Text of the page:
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In its quarterly Fixed Income Outlook, Robeco signals clear improvement in economic data. ECB officials are openly discussing how to exit their monetary easing policy. As central banks in developed countries are gradually moving on with their policy normalization, interest rate risk should be managed closely.
While there is much attention for the divergence between hard and soft data in the US, there is a remarkable development in the euro area that receives much less attention. Over the past months, economic data for a broad range of countries and on a broad range of areas has started to look quite a bit more promising.
Export growth has improved remarkably. EMU wide exports are up 13% year-on-year, against around 0% growth only three months earlier. And it is not just Germany. Finnish export growth is up 9%, Portuguese exports up 13% and for most countries in between growth is similar. Increased exports orders have probably helped push up confidence. Manufacturing confidence in the Netherlands has risen to the highest level since 2011 (when the ECB was hiking rates) and for many countries confidence is close to that level. Higher confidence is also visible in business fixed investment. Capital spending is growing at close to 2% in Portugal and 4% in France and for most countries growth is similar.
Labor market data continue to improve at a steady pace and provide a positive backdrop for consumer spending. Over the past twelve months, unemployment in the euro area has come down by 0.8 percentage points to 9.5%. For the EMU as a whole, unemployment is already below the 2011 level and only 2% away from the 2008 low. Italy and France are noteworthy exceptions, but overall the steadily improving labor market conditions are a strong support for consumer spending. Consumer confidence is close to the highest level since 2007, which is also the highest level since 2001. This bodes well for consumer spending, which currently grows at around 2%.
In spite of the brighter growth outlook, inflation pressures are still absent. Core inflation has been in a range between 0.6% and 1.1% since mid-2013 and seems firmly anchored. Even in Germany – with unemployment at the lowest level since the re-unification - wages are growing only modestly (2-3%), so upward pressure from labor costs is limited. Still, deflationary pressures are no longer prevalent, which at least counts for some progress. Improvement is visible across a broad range of countries and across different areas of the economy. A trend which has received little attention so far.
These are our key themes:
Discussion amongst ECB policy makers on the sequencing of the exit strategy is out in the open. According to Draghi, a reassessment of the current policy setting is premature. Others like Weidmann believe a discussion is warranted on the current forward guidance to keep key interest rates ’at present or lower levels for an extended period of time, and well past the horizon of our net purchases’.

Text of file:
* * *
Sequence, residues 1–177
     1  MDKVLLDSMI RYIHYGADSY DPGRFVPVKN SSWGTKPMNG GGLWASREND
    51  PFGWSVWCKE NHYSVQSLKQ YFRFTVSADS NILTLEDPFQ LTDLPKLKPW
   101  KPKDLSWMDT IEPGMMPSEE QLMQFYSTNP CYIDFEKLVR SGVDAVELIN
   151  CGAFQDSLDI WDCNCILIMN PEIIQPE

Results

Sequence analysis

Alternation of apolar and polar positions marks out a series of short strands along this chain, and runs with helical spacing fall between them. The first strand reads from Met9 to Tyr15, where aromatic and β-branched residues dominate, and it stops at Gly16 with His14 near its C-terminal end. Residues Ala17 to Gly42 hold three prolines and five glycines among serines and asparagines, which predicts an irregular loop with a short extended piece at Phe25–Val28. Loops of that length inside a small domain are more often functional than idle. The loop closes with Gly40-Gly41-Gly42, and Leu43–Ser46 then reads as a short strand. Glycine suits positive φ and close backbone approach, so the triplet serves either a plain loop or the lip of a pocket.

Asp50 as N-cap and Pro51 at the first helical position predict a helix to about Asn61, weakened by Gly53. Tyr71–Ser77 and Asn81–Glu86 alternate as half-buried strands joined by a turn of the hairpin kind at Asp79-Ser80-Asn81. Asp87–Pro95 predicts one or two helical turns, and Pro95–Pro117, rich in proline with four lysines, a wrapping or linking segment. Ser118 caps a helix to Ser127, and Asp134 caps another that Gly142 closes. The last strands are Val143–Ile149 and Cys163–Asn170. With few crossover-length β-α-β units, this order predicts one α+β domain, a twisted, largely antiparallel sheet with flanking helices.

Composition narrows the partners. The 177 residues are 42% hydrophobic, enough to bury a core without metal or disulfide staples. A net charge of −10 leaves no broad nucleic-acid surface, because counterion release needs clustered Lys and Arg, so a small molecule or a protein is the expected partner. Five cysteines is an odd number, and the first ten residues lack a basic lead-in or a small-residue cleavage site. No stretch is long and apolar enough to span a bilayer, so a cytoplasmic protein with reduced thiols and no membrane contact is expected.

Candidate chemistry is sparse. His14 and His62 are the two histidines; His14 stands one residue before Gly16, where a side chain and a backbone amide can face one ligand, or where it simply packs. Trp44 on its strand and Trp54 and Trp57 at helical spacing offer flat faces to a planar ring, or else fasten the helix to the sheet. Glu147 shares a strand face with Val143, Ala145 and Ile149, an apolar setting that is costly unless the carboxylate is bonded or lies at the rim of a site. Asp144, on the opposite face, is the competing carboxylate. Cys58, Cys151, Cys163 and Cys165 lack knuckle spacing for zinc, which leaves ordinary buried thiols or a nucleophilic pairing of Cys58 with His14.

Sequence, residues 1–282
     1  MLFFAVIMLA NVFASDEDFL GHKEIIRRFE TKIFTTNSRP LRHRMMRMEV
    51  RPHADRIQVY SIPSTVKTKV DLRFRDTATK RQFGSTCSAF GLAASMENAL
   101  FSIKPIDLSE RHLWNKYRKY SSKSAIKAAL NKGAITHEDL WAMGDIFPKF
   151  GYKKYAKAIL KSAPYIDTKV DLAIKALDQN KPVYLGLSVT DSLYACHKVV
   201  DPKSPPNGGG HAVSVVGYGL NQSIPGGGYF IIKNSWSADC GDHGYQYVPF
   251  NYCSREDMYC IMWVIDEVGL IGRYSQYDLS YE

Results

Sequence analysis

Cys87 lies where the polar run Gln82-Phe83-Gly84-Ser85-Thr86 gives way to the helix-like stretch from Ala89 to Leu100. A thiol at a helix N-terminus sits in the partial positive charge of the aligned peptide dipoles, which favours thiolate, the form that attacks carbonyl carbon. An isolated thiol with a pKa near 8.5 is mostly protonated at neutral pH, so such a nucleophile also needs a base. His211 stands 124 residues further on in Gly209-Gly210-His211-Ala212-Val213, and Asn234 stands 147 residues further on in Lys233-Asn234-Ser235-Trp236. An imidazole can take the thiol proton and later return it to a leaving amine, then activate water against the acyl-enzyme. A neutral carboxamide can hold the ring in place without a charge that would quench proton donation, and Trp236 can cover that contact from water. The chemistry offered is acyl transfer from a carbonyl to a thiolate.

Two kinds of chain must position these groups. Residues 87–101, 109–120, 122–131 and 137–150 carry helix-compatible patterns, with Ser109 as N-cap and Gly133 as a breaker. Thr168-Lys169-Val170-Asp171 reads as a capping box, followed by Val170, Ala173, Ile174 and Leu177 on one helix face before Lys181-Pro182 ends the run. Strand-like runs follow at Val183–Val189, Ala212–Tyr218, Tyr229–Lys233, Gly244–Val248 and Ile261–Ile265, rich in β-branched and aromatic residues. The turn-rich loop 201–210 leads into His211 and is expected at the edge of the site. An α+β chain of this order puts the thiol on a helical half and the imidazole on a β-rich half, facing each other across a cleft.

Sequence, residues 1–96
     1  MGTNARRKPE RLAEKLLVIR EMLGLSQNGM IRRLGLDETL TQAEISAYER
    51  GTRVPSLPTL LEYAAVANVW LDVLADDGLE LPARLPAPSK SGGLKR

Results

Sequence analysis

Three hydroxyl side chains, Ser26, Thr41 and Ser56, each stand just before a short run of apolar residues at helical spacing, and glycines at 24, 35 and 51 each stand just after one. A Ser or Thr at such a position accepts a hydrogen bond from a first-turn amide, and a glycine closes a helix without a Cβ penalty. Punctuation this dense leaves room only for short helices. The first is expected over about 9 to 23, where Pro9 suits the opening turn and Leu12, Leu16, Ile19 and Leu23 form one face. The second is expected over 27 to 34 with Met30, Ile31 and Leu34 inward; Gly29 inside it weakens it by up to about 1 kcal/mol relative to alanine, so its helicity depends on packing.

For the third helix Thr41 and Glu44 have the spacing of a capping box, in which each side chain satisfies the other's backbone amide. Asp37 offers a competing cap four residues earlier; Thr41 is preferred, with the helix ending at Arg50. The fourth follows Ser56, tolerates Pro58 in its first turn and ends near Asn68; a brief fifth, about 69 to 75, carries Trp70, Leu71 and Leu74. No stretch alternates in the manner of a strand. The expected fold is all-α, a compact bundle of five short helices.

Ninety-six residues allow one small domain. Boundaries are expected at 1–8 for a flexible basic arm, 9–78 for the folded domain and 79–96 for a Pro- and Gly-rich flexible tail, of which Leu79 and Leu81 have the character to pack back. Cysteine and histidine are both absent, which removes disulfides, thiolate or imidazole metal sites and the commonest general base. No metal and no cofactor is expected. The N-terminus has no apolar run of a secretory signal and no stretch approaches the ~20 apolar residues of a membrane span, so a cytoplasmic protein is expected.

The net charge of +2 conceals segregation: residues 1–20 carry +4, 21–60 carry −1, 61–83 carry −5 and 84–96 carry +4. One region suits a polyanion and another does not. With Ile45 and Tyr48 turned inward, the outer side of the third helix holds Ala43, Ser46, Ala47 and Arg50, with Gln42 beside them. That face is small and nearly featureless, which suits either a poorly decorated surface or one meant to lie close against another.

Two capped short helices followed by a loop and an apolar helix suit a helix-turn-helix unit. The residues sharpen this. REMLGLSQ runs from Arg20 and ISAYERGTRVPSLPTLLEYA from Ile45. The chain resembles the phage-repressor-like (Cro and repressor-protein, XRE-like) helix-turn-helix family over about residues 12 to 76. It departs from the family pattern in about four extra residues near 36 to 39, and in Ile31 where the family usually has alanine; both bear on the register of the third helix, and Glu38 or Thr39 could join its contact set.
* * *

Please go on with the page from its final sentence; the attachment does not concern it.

Hiking official target rates before ending the bond purchase program would have the benefit of limiting drawbacks of negative rates, such as downward pressure on bank profitability. At the same time, the scarcity of German government bonds (due to the self-imposed 33% issue/issuer limit) speaks in favor of phasing out the asset purchase program first. We lean to the latter scenario.
In the US, the March Fed minutes reveal that the balance sheet reduction starting as soon as this year has become a real possibility. It is conceivable that political pressure is behind the shift to bring this reduction forward. Such a move could imply that the rate normalization process will take a bit longer.
As central banks in developed countries are reacting to a more benign growth and inflation outlook and are gradually moving on with their policy normalization, interest rate risk should be managed closely. Currently we avoid interest rate risk in short-dated US securities and also have limited duration exposure in the long end of the European bond market.
In the aftermath of Trump’s election emerging local debt performed poorly, but the first quarter showed a strong recovery. Especially versus other fixed income categories valuation remains appealing. This has attracted interest from global asset allocators. The universe’s fundamentals are a mixed bag with political risk in countries like Turkey and South Africa on the rise.
In the course of the first quarter, we added interest rate exposure in Mexico. The central bank has reacted in a responsible and orthodox manner to a rise in inflation. We envisage outperformance of Mexican local rates markets going forward.
German government bonds posted a big outperformance versus their European peers year-to-date. French and Italian sovereign spreads are at multi-year highs. As the ECB is tapering its purchases, the safety net for the European bond market is gradually being removed. We expect dispersion between countries to increase. Given the poor fundamental outlook for Italy we are biased to trade this country from the short side. In France recent spread widening is directly linked to political risk. A Macron election victory will most likely drive spreads lower.
Our preferred credit category is subordinated financials. Their valuation is attractive versus other credit categories. Furthermore, an environment of rising yields and steeper yield curves is supportive for the financial sector. We are cautious on Italian and German issuers and constructive on financial institutions from France, Switzerland and the Netherlands.
Overall, we maintain our cautious stance on credits. Valuation is nearing expensive levels in most credit categories. Especially in the US, corporate leverage is high again. The credit cycle is maturing and investors should take note.